Oct 7, 2014

[REPORT]: By 2020s, Solar and Wind May Cost the Same as Coal

2 min
In a new report out from energy consultant Poyry Oyj, it was predicted that the cost of solar and onshore wind could fall to the same level as genera...

In a new report out from energy consultant Poyry Oyj, it was predicted that the cost of solar and onshore wind could fall to the same level as generation from fossil fuels.

The report points to solar plants in Spain that could produce electricity that is on a competitive level with coal and gas as soon as 2021. This would be followed shortly after by plants on Portugal in 2022 and in parts of Italy by 2025.

The most impressive fact, though, is that Turkey could reach grid parity with solar and wind as early as 2018.

In the UK, onshore wind is expected to be competitive without subsidies by 2021, though it could be a year earlier in Ireland.

Cost are being driven down by better technology and lower manufacturing costs, though according to the report, breakthroughs in energy storage and plant building costs need to fall before a rapid drop can occur.

According to Anser Shakoor, a senior consultant at Poyry, achieving grid parity doesn’t mean that renewables will instantly take over. There still needs to be a decrease in capital costs for large-scale expansion.

“The revenues of any investment now undertaken with, say, a 30-year economic life will be affected by the build of unsubsidized renewables as typical subsidy regimes are 10 years to 20 years in duration,” he said in an email to Bloomberg.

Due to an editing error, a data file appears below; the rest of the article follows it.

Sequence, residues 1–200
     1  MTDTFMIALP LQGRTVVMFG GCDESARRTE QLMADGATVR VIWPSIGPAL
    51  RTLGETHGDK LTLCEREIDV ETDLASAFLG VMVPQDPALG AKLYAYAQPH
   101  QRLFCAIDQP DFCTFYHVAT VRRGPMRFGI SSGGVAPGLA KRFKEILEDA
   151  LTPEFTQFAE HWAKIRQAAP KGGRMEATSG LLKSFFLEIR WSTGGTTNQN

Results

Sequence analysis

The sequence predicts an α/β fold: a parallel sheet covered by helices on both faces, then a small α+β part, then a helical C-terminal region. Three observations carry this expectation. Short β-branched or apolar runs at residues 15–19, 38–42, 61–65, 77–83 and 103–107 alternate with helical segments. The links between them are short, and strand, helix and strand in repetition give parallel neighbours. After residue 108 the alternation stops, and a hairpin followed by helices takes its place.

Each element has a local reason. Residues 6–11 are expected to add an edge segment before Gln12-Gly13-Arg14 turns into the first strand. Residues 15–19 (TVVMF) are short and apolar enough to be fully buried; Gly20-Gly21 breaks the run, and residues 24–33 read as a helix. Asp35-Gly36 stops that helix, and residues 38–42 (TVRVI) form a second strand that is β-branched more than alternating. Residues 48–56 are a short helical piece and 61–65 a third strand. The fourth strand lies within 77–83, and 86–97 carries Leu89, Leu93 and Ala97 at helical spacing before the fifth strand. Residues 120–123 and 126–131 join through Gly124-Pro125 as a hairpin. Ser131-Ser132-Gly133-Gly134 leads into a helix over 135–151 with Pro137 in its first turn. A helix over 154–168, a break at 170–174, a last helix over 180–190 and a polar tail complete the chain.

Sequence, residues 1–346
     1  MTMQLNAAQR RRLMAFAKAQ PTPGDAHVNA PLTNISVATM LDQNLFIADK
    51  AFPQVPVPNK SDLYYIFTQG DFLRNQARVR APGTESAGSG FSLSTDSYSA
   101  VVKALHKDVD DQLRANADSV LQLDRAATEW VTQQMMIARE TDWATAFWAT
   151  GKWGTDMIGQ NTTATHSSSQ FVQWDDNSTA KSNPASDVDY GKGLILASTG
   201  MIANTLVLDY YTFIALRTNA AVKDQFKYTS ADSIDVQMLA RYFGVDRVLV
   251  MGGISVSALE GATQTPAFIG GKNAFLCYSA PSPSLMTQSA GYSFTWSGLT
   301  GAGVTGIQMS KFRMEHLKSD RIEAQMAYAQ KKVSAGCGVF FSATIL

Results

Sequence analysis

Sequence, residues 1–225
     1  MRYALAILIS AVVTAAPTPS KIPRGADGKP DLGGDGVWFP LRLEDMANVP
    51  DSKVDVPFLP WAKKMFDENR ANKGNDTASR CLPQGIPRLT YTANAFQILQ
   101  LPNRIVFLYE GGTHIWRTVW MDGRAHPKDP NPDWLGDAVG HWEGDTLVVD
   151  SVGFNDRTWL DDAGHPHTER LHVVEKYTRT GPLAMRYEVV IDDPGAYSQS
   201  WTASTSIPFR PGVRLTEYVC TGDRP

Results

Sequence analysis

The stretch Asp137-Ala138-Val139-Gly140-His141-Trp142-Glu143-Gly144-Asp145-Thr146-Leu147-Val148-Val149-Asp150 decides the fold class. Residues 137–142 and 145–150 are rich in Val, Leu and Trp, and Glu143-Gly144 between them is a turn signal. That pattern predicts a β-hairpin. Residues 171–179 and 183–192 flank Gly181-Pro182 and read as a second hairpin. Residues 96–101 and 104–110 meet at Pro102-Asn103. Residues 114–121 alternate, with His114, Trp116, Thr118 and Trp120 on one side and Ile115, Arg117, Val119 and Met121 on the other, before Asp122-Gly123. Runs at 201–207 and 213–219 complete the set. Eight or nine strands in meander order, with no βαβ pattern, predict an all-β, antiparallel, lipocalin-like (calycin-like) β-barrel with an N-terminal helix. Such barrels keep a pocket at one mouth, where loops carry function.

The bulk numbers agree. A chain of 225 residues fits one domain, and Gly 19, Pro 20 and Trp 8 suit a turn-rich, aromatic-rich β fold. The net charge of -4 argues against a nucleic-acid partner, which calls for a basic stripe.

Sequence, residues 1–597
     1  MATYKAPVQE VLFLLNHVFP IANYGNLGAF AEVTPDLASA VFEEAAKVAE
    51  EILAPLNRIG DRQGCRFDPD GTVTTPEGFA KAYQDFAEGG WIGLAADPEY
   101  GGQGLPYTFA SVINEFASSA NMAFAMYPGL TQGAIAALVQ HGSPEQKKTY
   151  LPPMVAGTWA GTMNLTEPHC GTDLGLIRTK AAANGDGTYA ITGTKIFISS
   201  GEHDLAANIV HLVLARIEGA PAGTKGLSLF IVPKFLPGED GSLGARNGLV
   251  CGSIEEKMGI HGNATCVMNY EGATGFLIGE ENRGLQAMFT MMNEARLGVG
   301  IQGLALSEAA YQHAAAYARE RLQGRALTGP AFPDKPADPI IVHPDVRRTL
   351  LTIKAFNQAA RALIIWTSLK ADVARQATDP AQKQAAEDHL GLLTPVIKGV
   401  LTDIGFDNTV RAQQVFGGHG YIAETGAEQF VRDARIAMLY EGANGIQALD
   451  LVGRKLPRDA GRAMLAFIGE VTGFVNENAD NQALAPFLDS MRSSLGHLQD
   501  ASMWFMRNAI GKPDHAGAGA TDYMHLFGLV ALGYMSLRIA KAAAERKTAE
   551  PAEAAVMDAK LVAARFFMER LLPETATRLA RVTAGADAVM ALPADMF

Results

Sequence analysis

This news comes on the heels of a report from infrastructure group Lazard that solar and wind are cost competitive during peak energy usage. 

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Apr 23, 2021

Drax advances biomass strategy with Pinnacle acquisition

Dominic Ellis
2 min
Drax is advancing biomass following Pinnacle acquisition it reported in a trading update

Drax' recently completed acquisition of Pinnacle more than doubles its sustainable biomass production capacity and significantly reduces its cost of production, it reported in a trading update.

The Group’s enlarged supply chain will have access to 4.9 million tonnes of operational capacity from 2022. Of this total, 2.9 million tonnes are available for Drax’s self-supply requirements in 2022, which will rise to 3.4 million tonnes in 2027.

The £424 million acquisition of the Canadian biomass pellet producer supports Drax' ambition to be carbon negative by 2030, using bioenergy with carbon capture and storage (BECCS) and will make a "significant contribution" in the UK cutting emissions by 78% by 2035 (click here).

Drax CEO Will Gardiner said its Q1 performance had been "robust", supported by the sale of Drax Generation Enterprise, which holds four CCGT power stations, to VPI Generation.

This summer Drax will undertake maintenance on its CfD(2) biomass unit, including a high-pressure turbine upgrade to reduce maintenance costs and improve thermal efficiency, contributing to lower generation costs for Drax Power Station.

In March, Drax secured Capacity Market agreements for its hydro and pumped storage assets worth around £10 million for delivery October 2024-September 2025.

The limitations on BECCS are not technology but supply, with every gigatonne of CO2 stored per year requiring approximately 30-40 million hectares of BECCS feedstock, according to the Global CCS Institute. Nonetheless, BECCS should be seen as an essential complement to the required, wide-scale deployment of CCS to meet climate change targets, it concludes.

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